Wednesday, April 6, 2011

Having a Federal Election During the NHL Playoffs - Who Wins, Who Loses?

A week from tonight, the attention of Canadians will be riveted on something that for millions is far more exciting ~even~ than a federal election.

Habs are in, Nucks are in. Leafs, Sens and Oilers are out. And the Flames are out too or soon will be

This year, the first 2-1/2 weeks of the playoffs will coincide with the final 2-1/2 weeks of the federal election campaign.

It is somewhat of a rarity that these two great Canadian pastimes co-exist. The last two times there was some overlap were the elections of 2004, Paul Martin's minority, and 1997, Jean Chretien's 2nd majority.

However these two occasions were much different than that in which we find ourselves today.

First of all, in both those years the elections were held in June, so the earlier part of the playoffs was finished before the campaigns started to get serious. The result of that was that the Canadian teams, with the notable exception of Calgary in '04, were knocked out before the campaigns really kicked into high gear. It is also worth noting that there has never been anywhere near the media coverage of the NHL playoffs that there is now.

You have a lot of people with all-sports radio on all day long. You have CBC and TSN and I don't even know what other stations scrapping it out to air every single game that is played anywhere - not just the Canadian teams. Not to even mention the internet...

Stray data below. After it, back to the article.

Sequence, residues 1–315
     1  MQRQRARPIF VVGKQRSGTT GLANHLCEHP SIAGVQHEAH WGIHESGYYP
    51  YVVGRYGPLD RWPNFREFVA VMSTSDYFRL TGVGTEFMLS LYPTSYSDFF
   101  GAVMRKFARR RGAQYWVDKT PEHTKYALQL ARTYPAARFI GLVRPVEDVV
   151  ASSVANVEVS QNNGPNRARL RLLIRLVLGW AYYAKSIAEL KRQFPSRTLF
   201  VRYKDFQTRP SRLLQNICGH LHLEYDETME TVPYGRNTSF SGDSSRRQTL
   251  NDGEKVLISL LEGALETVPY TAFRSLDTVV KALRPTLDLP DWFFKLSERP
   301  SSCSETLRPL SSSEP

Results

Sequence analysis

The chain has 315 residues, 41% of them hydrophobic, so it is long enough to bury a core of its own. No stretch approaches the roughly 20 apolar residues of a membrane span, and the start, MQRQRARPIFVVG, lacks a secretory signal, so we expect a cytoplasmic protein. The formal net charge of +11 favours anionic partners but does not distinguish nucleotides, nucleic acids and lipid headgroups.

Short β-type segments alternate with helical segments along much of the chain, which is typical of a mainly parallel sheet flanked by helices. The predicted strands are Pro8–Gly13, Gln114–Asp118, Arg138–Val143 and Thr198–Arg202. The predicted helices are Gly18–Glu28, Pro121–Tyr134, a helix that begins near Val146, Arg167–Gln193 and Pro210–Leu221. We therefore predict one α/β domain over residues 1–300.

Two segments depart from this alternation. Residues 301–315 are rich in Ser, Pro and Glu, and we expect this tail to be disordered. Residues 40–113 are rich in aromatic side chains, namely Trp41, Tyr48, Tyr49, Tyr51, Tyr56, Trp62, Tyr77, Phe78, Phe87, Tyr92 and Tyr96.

Just the sheer amount of media air that the playoffs are going to occupy during the last 2-3 weeks of this campaign, beginning a week from tonight, on a nightly basis, is going to be something to behold.

So what does it mean? Not that anyone really knows...  But one's gut sense would say that, if anyone is hoping to influence large numbers of people in a substantial way, a way that takes any amount of focus or engagement, they are going to have an even tougher time than might normally be expected.

What about the plum advertising opportunities that all those high viewership playoff games are going to offer? The cost is sure to be high. Does that mean advantage Conservatives?

What about the fact that the two cities that have teams involved are two cities where Liberals need to hold or add seats? Or the fact that at least the Ontario teams are out. Does that really means that Ontario could be a little more volatile?

All things considered, the fact that the attention of millions of Canadians is going to be on our national sport during the last 2-1/2 weeks of April has to be considered an advantage for the status quo.

One other point not to be overlooked: the Quebec City and Winnipeg factors. If any kind of sense was floated out there that voting a particular way would secure a team for either city, then that could be a game changer in a few ridings in those cities.

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